The New Testament contains over 2500 allusions and quotations from the Old Testament. The bottomline is the New Testament writers seem to expect us to know the Old Testament well.
Such an understanding is repeatedly rewarded. Paul’s letter to the Ephesians is no exception. In this letter the apostle describes God’s foray into overcoming evil and how we are to be at work serving our Lord in a dark world. Before we consider what Paul wrote, let’s take a look at part of this letter’s background Continue reading “Encountering evil”
It is a question that pierces to the heart of our being. Why do we serve God? This question deserves to remain at the forefront of our minds. However, another question can dominate our thinking. Continue reading “Why do we serve God?”
I suspect if we were to share stories about what I have witnessed, the details might differ from your experiences, however common traits would emerge. Here’s a few examples of what I have seen. Continue reading “What do we make of our experiences?”
In response to a recent presentation of the gospel, someone responded, “That was good, but I’ve never heard it explained that way before.” You might find it surprising that on the one hand I value presenting nothing more than the original message, while on the other hand his comment did not surprise me.
The typical gospel presentation is clear, concise and accurate. We learn Jesus can save us. It instructs us how we need to respond to Christ. People need to hear this message.
When it also provides explanatory power, it can resolve the questions of the curious and dissolve the harpoons of its detractors. When Jesus established a memorial for his death, why did he speak of a covenant? What does Jesus’ story have to do with the rest of scripture? Why are we called to respond to Christ with baptism?
Continue reading “Gospel – what and why”
After God completed his creation having made humanity both male and female, God saw it was very good. The differences between men and women range from our psychological make up down to our physiology.
When comedians highlight the stark contrasts in how we think, perceive and interact with our world, audiences break forth in hearty laughter. Why? Because they recognize the truth in these stereotypes. We are different.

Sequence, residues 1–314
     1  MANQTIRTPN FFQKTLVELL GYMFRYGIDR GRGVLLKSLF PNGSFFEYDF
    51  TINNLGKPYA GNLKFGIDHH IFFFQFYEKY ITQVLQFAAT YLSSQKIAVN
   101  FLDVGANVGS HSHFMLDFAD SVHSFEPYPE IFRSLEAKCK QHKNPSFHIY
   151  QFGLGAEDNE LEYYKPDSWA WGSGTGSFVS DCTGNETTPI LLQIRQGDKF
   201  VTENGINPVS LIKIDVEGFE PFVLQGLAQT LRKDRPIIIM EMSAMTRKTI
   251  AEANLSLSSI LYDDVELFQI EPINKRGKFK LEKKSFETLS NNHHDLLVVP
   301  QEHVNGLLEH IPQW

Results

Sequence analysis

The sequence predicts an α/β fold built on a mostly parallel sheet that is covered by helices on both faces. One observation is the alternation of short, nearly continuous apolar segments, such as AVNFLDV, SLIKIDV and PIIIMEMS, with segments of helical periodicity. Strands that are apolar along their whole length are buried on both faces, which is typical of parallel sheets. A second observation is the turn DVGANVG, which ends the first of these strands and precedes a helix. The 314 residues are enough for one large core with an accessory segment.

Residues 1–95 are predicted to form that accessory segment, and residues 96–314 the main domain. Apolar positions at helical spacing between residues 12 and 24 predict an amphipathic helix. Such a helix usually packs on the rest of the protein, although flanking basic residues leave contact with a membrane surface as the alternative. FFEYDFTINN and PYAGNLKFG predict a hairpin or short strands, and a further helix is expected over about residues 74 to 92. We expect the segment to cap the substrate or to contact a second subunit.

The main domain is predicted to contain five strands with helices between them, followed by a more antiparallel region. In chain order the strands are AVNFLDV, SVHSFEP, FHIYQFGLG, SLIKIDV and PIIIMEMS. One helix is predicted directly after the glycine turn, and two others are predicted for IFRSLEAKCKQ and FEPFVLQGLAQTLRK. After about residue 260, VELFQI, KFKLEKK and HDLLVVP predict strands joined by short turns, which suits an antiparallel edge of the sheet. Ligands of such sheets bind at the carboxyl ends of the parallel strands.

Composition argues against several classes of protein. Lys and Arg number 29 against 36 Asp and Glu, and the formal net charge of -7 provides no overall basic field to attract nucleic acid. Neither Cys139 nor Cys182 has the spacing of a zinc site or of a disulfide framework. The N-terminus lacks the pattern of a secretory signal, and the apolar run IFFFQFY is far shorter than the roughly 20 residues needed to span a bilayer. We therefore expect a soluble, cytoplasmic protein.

Expressions like, “Can’t live with them. Can’t live without them,” give voice to spousal tension and frustrations. Yet, God saw all these differences as being very good! In fact, it is because of these differences that marriage can be a tool promoting spiritual development. Continue reading “Wonderful differences”
Isn’t faith the opposite of fear? If we want to overcome fear, shouldn’t we focus upon faith?
Yes, however greater clarity is needed. To overcome fear we need to focus upon a form of faith that is obtainable and reliable in every situation – thanksgiving brimming with faith fulfills the needed prescription. Here’s why.
Continue reading “Overcoming fear with thankfulness”
I remember an occasion when a person quoted, “there should be no division in the body” (1 Corinthians 12:25) as evidence that small groups are unbiblical. We recognize, however, that with these words Paul affirmed the need for spiritual cohesiveness, not geographical unity. Accordingly, we rightfully reject the misappropriation of this verse to condemn the practice of groups meeting in various locations.
This realization should also cause us to recognize a general interpretation principle. It is a principle we need to remember when considering what it means for Christians to be saved by grace, as well as what it means to live under grace. Continue reading “Gravity of Grace: concluding suggestions”
Previously, Paul had announced he was not ashamed of the gospel because it is God’s power to save all those who believe, whether Jew or Greek. Furthermore, he asserted that this gospel reveals God’s righteousness. Subsequently, Paul proceeded to demonstrate God is righteous whether it be in judging people or how God justifies people “from faith to faith.” Chapter 8 ended with a crescendo emphasizing the security and confidence those in Christ possess.
Ironically, Paul begins to address the ramifications of this gospel that had elevated God’s fairness in making “no distinction” (Rom. 3:22,29; 4:16). If the Law cannot provide life or if ethnic Israel is not coextensive with God’s people, has God’s word failed? It is toward hard questions such as these that Paul now turns. Continue reading “Gravity of grace (5): Overview of Romans 9-11”
Within Romans, Paul addressed an ancient human urge that can be captured by the expression, “I want to have.” In chapter 1 such desires erupted as idolatrous rebellion against God. For Paul, sin is not merely an activity that a person might step into and then out of, rather he treats it as an enslaved spiritual identity.
Grace figures predominantly in how God righteously saves us. An illustration can help us review while also preparing us to survey the next few chapters. Continue reading “The gravity of grace (4): Overview of Romans 6-8”
Luther quipped that he hated the commonly accepted idea of “the righteousness of God” within Romans. Accordingly, he discovered a new definition that created a whole new way to interpret Romans.
We need to be aware that what we do not want to be true as well as what we value can exert powerful influences on how we interpret. I call this the hermeneutic of desire.
My goal in summarizing Romans below is neither to conform to nor reject popular understanding. I neither seek to stand in Luther’s shadow nor run from it. Using your Bible, you will have to decide to what extent the following represents Paul’s thoughts.
Whatever message we understand embedded within Romans will greatly influence how we interpret grace. This in turn will shape our Christian behaviors, values and teachings. Continue reading “The gravity of grace (3): Overview of Romans 1-5”